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I used a combination of 3d printing, milling, and garage engineering to make an adjustable work light arm you can use with just one hand.

  1. Design Using Fusion 360
  2. Create a Sliding Gantry
  3. Add Tensioning System
  4. Install the Light

1. Design Using Fusion 360

I know you’ve heard us talk about our Fusion 360 For Makers course where we walk you through modeling and designing amazing projects. It really is the perfect tool for a project like this. This week’s project is a problem solving exercise. I wanted to be able to hang a work light from the ceiling above my Bridgeport mill and my Southbend lathe. Yes, there are many, many articulating boom arms and camera rigs that can hold a light. The problem I have with all of them is that they have independent tension points at each joint. That means, you have to use both hands to unlock and then lock each joint when you want to move the fixture.

My goal with this project is to create an adjustable work light arm that requires only one point of tension while providing multiple points of articulation. To accomplish this, Josh and I drew out a lot of crude ideas on a marker board. We settled on the idea of a rotating, shoulder-style joint that could rotate along mating faces, but had indexing detents that would prevent slippage once pulled under tension.

Josh designed a two-part joint in Fusion 360 that would fit snuggly into the ends of some left-over clothing rod. I printed the parts on our 3d printer and tested them by running a brake cable from a bicycle through the centers of the two parts. While, yes, the concept worked, the parts had way too much friction. Josh discovered that you could simply rub on some lip balm (later I used paste wax) on the mating surfaces and it provided just the right amount of slip to work really well.

2. Create a Sliding Gantry

Now that I have the joints mated to the arms, I had to figure out how I could the work light arm to move from the mill over to the lathe. I decided to use some left-over aluminum extrusion that I could mount to the ceiling, parallel to the front of both machines. Just like a CNC or 3d printer, I had to create a sliding platform that uses V-wheels to ride inside the extrusion’s side grooves.

I cut a slide platform out of thin, scrap aluminum and cut some acrylic spacers on my laser cutter. These spacers would allow the wheels to be bolted to the platform while giving enough of a stand-off to move freely. You could use a stack of washers to achieve the same affect. I drilled a hole in the center of the platform and bolted the highest, 3d printed light arm joint to it. This joint wasn’t tightened all the way so it could rotate with a little friction.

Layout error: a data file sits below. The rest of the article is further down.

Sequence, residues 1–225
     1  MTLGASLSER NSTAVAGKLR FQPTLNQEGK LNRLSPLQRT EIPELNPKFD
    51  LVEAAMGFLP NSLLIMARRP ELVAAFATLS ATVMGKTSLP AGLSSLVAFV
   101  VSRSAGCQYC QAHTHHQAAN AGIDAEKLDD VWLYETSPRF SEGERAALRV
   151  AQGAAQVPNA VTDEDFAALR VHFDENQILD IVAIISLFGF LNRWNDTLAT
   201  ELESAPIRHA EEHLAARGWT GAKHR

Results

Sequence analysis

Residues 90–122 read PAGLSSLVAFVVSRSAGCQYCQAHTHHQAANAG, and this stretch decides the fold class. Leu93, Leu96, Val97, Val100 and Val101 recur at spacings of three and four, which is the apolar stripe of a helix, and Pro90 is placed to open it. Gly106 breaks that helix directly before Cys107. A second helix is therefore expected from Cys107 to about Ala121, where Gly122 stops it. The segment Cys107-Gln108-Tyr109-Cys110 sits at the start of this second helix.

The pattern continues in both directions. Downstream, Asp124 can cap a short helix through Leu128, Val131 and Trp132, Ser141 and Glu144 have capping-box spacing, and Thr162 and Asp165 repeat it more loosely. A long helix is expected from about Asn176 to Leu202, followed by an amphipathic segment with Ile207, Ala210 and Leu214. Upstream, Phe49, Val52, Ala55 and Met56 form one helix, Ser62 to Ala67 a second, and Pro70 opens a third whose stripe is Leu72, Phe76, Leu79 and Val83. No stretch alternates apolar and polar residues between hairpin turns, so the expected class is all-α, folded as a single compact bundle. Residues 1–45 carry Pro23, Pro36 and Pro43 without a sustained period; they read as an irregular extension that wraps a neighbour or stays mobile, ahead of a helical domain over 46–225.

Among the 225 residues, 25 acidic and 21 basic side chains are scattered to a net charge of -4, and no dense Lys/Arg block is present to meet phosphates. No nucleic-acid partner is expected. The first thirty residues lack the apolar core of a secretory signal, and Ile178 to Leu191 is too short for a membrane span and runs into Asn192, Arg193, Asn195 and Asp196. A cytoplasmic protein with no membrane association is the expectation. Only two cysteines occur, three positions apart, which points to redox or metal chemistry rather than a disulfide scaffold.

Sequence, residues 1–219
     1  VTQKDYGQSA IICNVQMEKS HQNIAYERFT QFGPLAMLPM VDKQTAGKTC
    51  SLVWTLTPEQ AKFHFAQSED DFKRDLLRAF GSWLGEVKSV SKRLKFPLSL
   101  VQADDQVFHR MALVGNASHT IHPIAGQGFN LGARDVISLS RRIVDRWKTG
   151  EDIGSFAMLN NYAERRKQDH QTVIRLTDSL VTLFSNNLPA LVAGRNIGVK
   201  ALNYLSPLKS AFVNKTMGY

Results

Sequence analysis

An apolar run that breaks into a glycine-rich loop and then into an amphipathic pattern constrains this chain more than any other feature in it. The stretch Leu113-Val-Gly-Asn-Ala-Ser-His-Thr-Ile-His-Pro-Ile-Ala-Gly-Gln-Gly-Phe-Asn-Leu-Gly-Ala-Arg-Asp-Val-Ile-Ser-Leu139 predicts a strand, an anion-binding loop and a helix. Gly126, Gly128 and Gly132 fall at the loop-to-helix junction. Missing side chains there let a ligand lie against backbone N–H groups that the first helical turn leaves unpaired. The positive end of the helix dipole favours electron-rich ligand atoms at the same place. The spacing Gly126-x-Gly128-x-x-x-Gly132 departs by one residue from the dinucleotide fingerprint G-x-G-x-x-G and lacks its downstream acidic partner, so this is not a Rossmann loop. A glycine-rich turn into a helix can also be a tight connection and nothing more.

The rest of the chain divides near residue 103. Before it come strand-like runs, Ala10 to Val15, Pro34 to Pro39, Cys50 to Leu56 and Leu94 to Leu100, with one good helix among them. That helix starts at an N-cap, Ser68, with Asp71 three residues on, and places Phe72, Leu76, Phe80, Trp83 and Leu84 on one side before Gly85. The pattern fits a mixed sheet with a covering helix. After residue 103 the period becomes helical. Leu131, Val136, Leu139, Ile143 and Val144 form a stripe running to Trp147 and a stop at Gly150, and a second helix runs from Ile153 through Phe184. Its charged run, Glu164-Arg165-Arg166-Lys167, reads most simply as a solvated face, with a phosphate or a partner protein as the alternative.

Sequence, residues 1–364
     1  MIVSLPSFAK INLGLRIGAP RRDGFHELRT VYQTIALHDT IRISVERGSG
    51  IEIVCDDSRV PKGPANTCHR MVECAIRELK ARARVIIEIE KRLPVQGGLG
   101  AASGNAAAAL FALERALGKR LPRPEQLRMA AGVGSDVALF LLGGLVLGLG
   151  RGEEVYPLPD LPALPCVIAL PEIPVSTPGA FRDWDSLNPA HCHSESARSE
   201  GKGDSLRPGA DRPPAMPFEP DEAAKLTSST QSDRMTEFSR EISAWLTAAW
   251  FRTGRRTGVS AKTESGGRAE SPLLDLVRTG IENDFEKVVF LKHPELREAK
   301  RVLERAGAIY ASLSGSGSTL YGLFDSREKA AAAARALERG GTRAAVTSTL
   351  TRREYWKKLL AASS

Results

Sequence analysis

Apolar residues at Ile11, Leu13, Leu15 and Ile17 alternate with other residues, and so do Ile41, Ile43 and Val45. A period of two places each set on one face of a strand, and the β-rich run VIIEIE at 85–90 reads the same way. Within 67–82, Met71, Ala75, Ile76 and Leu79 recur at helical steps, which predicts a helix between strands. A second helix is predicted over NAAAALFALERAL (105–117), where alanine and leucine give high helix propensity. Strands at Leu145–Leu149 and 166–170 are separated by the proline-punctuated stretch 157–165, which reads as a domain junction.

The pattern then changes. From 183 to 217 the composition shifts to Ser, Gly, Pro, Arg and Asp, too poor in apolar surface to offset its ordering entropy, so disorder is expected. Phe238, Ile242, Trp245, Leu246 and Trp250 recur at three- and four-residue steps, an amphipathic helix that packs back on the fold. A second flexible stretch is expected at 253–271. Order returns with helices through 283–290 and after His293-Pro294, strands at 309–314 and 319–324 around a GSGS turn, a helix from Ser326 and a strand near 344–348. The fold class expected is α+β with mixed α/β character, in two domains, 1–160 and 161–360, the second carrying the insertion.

3. Add Tensioning System

Like I previously mentioned, I’ll be using some bicycle brake cable as the main tensioning medium. The real trick is that the light arm needs to be under constant tension when left alone and free of tension with the single-handed operation. Anthony mentioned that those exercise springs that you squeeze for grip strengthening would work perfectly. After a quick trip to the store, I cut off on part of that grip device and bolted it to a holder that I eventually made out of 1/2″ aluminum.

I attached this tensioning handle to the bottom of the work light arm and drilled some access holes for the brake cable. To prevent the cable from chaffing on the metal holes, I used some PTFE tubing for 3d printing filament to help the cable move through its rang of motion with ease. On the opposite end of the work light arm, I added a clamping bolt to pinch the brake cable and prevent it from slipping. To do this, I drilled a hole in a bolt and passed the cable through that hole. I then tightened on a nut, pinching the cable in place.

This system worked super well! After adjusting the 3d model of the joints to add a collar to help tighten the joints, and I had to tighten the cable significantly (probably still not enough) for the system to hold like I wanted. I was really happy with the range of motion and degree of freedom this design allowed. I could easily slide the light from one machine to the other, spin the arm and fold it around to get the end right where I wanted it.

4. Install the Light

Now that the light arm was completed and working great, I had to add the actual light. Anthony found a small, but intensely bright LED panel online that would work perfectly. Lights like these are marketed toward photographers so they have a lot of the same hardware attachment points. One super common mounting point is a 1/4-20 bolt thread. You’ll see this in most camera bases, tripods, and quick attachments. I had an old uni-ball head from Joby that allows the attached item to swivel around on a ball. He mounted the Joby head onto the light panel and we attached it to the tensioning handle mount.

I ran some additional 2-conductor wire from the back of the light, up the work light arm, and down to a plug so that the light could remain on instead of battery powered. While the work light arm was a single-hand operation, the light has a knob to adjust its position. I really like this design and it illuminated my work area wherever I want. The whole mechanism is really cool, and with another round of refinement can rival any camera or light booms available.